TECH: Posthuman cognitive architectures

Billy Brown (
Mon, 1 Mar 1999 15:43:51 -0600 wrote:
> I see the posthuman as having a more complex mental structure than we
> do today. I envision it having multiple parts, with different degrees of
> autonomy, independence, and intelligence. Some parts of the mind will
> have human or sub-human level intelligence, others will be superhuman.
> Parts may be relatively independent of the rest, or they may be tightly
> integrated, or there may be periods of independence followed by periods
> of integration.

You bet. People who live mostly in VR may choose to become highly concentrated entities, as may those who don't travel or who exist as software on high-speed planetary networks. However, those of use who want to travel will need more flexibility.

> This architecture extends the power of the posthuman mind without
> requiring the costly communications and coordination infrastructure that
> would be necessary to bind all parts of the posthuman mind as
> tightly as our own mental structure. The posthuman manipulates the
> world through a small army of agents, all part of it in some sense, all
> controlled by it, but at least some of the time working independently.

"Costly" in what sense? I would expect both the hardware and software to be inexpensive by the time such things are possible.

The big reason I see for distributed consciousness is light speed delay. You could easily have parts of yourself scattered across a good fraction of the solar system, and each component needs to be able to deal with events in real time. The elegant solution is a system in which components in close proximity merge into a single consciousness, while those that are isolated by distance can function as independent people.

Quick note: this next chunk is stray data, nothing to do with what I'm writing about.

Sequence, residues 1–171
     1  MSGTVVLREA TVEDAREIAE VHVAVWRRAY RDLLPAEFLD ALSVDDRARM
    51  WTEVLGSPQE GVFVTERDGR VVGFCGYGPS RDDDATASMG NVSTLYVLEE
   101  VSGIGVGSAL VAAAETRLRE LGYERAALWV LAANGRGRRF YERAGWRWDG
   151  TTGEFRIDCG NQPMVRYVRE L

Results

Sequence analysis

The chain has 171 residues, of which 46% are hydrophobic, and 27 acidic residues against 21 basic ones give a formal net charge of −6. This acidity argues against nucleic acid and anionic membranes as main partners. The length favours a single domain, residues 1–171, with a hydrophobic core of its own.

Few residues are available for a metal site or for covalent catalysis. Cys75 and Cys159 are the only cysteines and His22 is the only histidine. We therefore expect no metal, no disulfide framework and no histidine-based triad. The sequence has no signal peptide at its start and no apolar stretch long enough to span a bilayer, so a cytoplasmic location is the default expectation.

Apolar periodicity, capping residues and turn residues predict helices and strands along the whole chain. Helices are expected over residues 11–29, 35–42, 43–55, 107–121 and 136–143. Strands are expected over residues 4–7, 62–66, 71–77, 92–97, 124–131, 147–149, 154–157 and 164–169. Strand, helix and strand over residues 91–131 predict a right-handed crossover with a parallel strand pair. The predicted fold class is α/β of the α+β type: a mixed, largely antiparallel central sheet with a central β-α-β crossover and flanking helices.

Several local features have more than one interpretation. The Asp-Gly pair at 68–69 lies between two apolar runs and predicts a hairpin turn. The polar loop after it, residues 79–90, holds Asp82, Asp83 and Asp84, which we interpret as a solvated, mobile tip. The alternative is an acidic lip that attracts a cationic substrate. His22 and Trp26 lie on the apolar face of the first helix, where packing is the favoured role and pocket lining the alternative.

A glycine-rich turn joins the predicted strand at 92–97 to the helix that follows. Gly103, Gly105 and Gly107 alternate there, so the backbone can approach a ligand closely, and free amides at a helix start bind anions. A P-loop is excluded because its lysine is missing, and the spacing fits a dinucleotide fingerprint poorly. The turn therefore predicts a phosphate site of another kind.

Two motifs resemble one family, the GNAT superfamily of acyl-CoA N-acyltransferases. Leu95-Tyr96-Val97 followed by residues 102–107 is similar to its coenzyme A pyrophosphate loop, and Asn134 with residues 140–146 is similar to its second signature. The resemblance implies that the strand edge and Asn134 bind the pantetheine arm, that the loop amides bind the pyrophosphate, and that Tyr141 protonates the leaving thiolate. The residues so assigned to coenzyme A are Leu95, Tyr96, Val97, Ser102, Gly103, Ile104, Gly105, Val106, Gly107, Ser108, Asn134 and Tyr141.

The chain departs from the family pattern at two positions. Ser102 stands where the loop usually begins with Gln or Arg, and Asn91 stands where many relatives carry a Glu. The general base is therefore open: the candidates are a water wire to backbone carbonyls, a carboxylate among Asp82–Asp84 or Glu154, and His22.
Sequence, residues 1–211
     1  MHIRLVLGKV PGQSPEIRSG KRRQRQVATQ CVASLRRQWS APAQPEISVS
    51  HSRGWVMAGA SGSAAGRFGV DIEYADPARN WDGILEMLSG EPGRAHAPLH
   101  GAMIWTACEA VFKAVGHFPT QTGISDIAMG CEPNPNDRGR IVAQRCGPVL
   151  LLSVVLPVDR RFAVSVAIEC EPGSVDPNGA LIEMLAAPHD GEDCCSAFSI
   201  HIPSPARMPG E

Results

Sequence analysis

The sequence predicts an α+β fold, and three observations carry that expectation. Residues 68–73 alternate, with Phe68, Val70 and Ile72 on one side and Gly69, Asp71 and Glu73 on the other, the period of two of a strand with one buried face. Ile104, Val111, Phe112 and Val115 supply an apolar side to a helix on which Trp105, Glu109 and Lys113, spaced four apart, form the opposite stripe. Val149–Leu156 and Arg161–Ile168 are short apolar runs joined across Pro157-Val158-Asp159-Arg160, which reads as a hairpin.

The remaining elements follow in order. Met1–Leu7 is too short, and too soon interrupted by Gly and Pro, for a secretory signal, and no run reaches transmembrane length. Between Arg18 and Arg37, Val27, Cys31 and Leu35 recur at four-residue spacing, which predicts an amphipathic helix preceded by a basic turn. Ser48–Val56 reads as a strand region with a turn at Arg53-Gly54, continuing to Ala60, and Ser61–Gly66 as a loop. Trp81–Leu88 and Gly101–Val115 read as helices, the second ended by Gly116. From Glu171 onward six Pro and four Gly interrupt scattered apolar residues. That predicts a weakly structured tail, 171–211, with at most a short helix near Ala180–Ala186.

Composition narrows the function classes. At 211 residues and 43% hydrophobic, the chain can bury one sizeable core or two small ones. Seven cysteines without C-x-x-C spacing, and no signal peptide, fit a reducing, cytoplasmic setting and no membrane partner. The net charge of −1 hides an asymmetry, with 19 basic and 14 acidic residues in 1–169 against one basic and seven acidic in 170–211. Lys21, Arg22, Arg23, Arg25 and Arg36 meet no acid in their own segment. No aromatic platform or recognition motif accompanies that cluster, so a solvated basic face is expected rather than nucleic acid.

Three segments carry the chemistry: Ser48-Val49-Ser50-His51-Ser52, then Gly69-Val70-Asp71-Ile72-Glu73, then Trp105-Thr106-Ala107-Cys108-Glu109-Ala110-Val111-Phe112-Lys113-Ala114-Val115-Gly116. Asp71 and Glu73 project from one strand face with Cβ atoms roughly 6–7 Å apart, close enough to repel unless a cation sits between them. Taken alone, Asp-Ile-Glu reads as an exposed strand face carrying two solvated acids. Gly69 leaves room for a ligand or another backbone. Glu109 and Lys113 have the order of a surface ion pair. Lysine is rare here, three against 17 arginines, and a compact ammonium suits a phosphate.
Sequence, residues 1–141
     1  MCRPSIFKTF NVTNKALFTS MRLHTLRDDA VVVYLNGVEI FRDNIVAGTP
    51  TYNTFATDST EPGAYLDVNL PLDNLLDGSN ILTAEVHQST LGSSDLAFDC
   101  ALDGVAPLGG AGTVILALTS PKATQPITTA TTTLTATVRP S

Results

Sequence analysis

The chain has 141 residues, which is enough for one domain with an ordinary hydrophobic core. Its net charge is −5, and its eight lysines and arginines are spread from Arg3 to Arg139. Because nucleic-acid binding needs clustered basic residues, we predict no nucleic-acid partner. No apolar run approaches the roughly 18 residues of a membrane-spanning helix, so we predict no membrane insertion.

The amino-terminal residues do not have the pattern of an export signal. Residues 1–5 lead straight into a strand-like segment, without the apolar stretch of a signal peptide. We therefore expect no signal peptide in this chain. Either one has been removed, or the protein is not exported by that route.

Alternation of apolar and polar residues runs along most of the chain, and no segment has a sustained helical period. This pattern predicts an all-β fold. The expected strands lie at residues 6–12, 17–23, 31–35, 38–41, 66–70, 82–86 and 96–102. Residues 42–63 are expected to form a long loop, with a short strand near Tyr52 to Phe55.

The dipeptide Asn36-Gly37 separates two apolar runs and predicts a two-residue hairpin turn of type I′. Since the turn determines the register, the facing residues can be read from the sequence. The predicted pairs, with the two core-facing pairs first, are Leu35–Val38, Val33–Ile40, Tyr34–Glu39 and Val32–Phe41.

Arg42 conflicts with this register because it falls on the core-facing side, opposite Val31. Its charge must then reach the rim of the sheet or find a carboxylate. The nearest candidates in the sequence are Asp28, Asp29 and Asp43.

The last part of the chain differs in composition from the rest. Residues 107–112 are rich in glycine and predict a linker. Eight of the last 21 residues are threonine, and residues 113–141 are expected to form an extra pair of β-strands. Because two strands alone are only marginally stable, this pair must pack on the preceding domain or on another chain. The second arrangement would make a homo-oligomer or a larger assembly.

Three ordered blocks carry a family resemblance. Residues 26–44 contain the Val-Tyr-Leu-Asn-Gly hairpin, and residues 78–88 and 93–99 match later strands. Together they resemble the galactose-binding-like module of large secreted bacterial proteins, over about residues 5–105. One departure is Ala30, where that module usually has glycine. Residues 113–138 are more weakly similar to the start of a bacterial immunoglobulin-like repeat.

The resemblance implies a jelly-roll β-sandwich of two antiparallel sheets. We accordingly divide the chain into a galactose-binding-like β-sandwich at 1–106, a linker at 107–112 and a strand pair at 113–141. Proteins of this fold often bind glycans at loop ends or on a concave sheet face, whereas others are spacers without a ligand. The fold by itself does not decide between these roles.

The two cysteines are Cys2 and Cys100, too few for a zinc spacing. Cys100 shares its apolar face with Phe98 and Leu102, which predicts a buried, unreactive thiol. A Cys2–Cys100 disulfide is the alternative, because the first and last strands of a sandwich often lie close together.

The trick, of course, is making sure that all your isolated selves continue to see themselves as parts of the same person. IMO, you need strong SI to make such a system actually work.

> The tool must fit the job. This maxim applies to minds as well
> as objects. When constructing or extending our posthuman mental
> architecture, there is no need to provide super-human
> intelligence to all of the agents which will carry out our will. If we
> some of them only human intelligence, I see no ethical flaws in that, any
> than our own mentality is ethically flawed in delegating tasks to spinal
> cord neural structures which themselves have no hope of advancing to a
> higher state.
> This may not be the only possible posthuman mental structure. But I
> see it as a plausible approach, a balance between expensive
> centralized
> control systems and disorganized collections of autonomous agents..
> >From one perspective, it is human slavery. But from another point of
> view, it is a single individual whose mental parts have a degree of
> independence. I hesitate to call this organizational
> structure immoral..

Agents with 'varying degrees of independence' is getting into dangerous ground, and for little reason. Any sentient agent you create should be a subset of the whole. It should think of itself as a part of the distributed mind, it should have close mental contact with the rest of that mind when it is convenient, and when its task is done it should merge back into it.

If you start making agents that think of themselves as separate people who serve you, then you're practicing slavery.

Billy Brown, MCSE+I